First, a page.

Planktivore Feeding Habits

Tides and ocean currents deliver a continuous supply of microscopic plants and animals past coral reefs. This abundance of food supports a huge number of sea creatures, from the corals all the way up to enormous animals such as manta rays and the biggest of them all, the whale shark. A large number of more normally sized fishes also feed on the plankton, facing into the currents above the reef to harvest their needs from the mass of tiny copepods, cladocerans, and invertebrate larvae transported across the reef by water currents.

What kinds offish feed on plankton?

Just about all tropical marine fishes undergo a planktonic stage early in their development, where they live as larvae among the plankton. Once settled on the reef, plenty of species diversify into different diets, but equally, a large number continue with their planktivorous diet. Almost all major families have planktivorous members; there are plenty of examples among the damselfish, basslets, and butterflyfish that feed during the day and among nocturnal feeders, such as squirrelfish and cardinalfish.

How are they adapted to their diet?

Diurnal planktivores feed on relatively small members of the zooplankton, such as copepods. These prey animals are usually transparent, all are usually smaller than 3mm and many measure less than 1mm. Spotting them requires excellent eyesight — one characteristic of the fishes that feed on them. The fish also tend to have small mouths and toothless jaws, with tightly packed gill rakers to prevent the escape of captured prey. They have forked tails and, usually, streamlined currents as they feed. These features also help the fish to make a fast getaway if danger threatens.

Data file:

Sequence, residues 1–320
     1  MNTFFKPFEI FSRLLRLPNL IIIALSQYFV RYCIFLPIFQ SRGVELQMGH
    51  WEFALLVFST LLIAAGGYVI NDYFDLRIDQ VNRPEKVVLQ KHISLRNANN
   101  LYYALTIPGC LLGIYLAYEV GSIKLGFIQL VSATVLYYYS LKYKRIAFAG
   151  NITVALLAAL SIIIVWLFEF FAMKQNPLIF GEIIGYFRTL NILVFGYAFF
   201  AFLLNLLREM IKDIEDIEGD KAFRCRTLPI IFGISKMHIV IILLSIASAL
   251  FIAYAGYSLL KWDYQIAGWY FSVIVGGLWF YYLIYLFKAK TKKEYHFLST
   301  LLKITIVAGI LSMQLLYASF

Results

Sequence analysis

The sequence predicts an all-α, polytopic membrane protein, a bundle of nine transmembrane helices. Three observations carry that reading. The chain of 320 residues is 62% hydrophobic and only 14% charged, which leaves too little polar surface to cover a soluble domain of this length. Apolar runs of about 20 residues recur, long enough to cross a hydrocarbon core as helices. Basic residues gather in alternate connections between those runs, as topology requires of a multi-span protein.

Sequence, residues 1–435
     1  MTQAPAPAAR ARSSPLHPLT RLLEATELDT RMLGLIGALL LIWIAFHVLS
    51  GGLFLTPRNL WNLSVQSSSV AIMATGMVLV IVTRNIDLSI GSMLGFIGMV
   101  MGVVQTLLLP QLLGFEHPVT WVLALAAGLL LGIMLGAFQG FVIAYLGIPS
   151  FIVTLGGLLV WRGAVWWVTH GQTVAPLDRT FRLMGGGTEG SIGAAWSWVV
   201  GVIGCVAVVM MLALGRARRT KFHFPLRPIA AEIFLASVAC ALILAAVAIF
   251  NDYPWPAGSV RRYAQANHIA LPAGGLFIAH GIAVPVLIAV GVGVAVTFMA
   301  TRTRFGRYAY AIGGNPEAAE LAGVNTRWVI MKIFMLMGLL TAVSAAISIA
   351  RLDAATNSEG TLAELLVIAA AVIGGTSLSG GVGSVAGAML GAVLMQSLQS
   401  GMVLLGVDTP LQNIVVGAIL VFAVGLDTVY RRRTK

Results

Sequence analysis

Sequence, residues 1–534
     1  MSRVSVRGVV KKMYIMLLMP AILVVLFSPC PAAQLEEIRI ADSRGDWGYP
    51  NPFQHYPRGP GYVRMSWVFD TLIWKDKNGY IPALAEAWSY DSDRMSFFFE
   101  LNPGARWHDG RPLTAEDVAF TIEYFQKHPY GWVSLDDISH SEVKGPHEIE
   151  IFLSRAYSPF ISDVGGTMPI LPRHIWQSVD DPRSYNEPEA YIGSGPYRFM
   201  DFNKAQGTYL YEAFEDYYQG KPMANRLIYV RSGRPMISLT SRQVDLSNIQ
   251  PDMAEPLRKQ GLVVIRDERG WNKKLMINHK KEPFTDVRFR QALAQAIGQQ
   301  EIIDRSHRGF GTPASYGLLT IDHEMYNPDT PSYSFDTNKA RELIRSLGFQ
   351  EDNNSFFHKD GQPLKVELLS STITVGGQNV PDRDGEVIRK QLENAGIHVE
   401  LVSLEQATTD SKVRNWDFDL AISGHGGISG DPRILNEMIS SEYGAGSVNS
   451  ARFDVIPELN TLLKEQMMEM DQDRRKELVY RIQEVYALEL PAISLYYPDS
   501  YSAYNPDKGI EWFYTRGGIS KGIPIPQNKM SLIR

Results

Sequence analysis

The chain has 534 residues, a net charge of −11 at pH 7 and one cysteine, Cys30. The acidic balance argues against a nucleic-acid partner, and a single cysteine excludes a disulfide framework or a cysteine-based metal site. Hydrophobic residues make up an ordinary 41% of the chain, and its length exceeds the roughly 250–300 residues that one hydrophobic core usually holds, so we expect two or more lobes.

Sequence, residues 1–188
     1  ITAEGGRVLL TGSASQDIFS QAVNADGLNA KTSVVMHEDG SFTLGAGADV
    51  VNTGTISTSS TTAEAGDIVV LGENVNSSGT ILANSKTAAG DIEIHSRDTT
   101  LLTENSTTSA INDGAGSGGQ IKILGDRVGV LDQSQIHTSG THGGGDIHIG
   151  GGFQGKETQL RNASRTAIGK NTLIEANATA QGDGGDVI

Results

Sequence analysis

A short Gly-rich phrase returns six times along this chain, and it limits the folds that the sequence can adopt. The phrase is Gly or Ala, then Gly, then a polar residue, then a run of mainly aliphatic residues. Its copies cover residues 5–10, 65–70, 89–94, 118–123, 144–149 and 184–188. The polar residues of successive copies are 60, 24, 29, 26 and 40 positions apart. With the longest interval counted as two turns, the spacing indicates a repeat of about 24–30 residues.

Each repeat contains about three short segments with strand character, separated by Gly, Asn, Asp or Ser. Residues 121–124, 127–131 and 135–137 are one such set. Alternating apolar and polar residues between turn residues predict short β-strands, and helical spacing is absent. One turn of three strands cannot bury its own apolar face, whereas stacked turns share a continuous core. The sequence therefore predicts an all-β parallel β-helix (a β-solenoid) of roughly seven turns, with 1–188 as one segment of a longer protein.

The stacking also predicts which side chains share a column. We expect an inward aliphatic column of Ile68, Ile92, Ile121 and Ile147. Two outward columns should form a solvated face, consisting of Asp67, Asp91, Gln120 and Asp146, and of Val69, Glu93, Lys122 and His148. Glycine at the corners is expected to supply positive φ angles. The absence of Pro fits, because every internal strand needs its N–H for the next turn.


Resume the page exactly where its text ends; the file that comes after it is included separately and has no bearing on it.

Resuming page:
Nocturnal planktivores are very different in appearance; their huge eyes allow them to see their prey in the dark and their mouths are equally large. One reason for this latter feature is the size of their prey, which is considerably larger than that of diurnal fish — almost always greater than 2 mm — and includes bigger animals, such as mysid shrimps.

How do they feed on the plankton?

Diurnal planktivores face into the current, especially on the outer walls of reefs, picking at their food as it drifts past.The further away the fish venture from the protection of the reef, the more food they can find, but this comes at the cost of a much greater risk of attack from patrolling predatory fish. For this reason, diurnal planktivores tend to feed in groups for safety, and the aggregations are structured by size — the larger, faster-swimming fish can afford to take more risks and feed furthest away from the reef. Sometimes these fish switch from their regular diet to exploit new types of food: when corals, or even large fish such as parrotfish spawn, sizeable groups of planktivores gather downstream to feast The nocturnal planktivores feed in a very different way. As they leave their huge resting aggregations, they split up into small, loose groups or even go solo, spreading across the reef to gather their superabundant prey.

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